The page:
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Piketty's Latest Charge

By offering a comprehensive history of "inequality regimes" around the world, French economist Thomas Piketty offers a deeply informative and rewarding overview of one of today's most pressing economic issues. But his own historical narrative suggests that his vision of global participatory socialism is a non-starter.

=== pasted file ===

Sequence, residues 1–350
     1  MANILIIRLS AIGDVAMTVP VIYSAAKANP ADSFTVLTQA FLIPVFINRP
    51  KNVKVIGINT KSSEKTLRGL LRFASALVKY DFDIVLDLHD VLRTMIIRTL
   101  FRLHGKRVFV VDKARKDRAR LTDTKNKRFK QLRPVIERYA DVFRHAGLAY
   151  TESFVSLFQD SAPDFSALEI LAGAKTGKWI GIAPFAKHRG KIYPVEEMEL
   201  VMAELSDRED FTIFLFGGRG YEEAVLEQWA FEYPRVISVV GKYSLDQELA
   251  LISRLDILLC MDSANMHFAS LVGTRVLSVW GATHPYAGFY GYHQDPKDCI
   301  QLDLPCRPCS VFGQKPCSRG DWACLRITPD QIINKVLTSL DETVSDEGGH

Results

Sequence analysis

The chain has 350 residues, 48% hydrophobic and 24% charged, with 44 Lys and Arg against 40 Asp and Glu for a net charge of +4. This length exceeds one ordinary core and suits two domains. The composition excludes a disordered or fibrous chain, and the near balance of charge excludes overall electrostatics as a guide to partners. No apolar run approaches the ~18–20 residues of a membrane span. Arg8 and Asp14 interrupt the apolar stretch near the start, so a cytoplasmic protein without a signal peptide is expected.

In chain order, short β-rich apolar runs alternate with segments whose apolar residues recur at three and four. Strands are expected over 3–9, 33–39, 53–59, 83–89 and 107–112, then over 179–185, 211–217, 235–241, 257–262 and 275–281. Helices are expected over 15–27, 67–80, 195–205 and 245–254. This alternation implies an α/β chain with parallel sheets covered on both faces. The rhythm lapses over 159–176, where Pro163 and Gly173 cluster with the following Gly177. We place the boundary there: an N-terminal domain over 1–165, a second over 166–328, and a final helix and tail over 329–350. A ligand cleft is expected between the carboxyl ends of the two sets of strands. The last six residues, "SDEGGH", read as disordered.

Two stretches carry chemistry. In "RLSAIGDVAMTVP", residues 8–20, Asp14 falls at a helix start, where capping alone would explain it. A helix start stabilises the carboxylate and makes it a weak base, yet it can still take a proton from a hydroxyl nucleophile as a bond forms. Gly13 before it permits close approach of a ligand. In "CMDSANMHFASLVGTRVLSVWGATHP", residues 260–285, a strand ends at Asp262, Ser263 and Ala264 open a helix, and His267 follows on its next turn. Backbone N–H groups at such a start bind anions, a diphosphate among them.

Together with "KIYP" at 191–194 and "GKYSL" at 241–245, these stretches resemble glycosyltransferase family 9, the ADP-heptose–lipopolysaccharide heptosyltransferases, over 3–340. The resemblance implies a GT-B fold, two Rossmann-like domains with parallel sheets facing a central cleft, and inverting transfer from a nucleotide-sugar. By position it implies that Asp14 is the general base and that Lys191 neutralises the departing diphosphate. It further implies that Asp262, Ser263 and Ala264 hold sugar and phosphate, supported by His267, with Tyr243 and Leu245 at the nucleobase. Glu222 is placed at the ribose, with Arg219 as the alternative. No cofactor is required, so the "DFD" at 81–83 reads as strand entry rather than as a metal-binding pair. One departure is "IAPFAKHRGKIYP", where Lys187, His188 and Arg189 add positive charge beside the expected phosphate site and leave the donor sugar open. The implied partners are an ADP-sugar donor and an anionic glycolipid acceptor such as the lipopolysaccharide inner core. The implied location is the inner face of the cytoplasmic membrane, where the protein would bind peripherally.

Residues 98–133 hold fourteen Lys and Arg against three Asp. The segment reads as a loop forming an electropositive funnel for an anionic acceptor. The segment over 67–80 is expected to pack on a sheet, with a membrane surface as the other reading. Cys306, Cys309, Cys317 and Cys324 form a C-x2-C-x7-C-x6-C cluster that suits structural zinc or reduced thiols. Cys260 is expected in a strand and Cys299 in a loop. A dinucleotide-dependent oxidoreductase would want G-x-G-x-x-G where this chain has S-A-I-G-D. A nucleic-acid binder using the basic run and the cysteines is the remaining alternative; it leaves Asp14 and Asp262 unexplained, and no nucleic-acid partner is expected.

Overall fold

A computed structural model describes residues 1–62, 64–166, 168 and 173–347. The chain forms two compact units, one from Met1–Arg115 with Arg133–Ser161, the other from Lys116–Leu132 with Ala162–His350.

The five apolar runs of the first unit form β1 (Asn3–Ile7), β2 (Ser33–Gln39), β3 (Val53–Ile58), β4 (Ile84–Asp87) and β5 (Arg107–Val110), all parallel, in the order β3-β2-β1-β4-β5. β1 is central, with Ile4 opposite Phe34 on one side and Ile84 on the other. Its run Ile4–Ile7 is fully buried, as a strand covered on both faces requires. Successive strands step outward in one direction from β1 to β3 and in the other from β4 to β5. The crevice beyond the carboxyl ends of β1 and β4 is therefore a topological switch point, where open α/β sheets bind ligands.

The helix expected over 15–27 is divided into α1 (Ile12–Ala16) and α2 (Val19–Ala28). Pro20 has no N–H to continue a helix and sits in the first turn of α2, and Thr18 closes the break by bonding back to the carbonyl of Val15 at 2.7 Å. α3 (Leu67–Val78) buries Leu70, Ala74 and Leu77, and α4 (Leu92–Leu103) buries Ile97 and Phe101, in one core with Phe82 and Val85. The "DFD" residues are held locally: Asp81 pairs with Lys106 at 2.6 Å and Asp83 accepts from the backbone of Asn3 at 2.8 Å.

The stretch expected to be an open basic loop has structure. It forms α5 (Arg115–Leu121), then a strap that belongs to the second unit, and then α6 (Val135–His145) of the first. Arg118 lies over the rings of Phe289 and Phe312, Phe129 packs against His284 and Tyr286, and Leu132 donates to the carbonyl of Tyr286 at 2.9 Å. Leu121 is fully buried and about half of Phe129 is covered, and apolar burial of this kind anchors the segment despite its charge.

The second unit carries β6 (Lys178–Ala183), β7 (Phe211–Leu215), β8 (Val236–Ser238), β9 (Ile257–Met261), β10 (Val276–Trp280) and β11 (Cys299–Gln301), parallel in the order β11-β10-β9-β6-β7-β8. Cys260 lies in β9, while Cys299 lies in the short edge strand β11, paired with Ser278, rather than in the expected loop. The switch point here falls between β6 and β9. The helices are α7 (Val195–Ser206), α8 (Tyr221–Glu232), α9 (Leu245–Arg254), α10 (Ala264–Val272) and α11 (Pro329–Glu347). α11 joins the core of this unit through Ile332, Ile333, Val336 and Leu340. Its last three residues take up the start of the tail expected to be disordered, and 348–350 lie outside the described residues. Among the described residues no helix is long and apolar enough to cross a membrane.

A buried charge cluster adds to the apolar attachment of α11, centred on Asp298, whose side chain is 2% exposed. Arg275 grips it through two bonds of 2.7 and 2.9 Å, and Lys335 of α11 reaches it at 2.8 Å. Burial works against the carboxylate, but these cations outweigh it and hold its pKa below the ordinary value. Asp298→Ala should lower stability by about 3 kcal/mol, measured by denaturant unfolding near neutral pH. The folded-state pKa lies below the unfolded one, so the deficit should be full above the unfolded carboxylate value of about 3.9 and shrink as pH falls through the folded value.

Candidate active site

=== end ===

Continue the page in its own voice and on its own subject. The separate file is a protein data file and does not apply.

NEW YORK – French economist Thomas Piketty’s latest doorstop tome tries to fuse two distinct research efforts. The first is a history of inequality since around 1700, with occasional excursions into earlier periods. Upon reaching the nineteenth century and the industrial era, the analysis deepens and grows more detailed, taking us up to the present. Unlike Piketty’s previous opus, Capital in the Twenty-First Century, which focused on the United States and just a few European countries, Capital and Ideology expands the scope to cover India, China, Brazil, and much of the postcolonial world.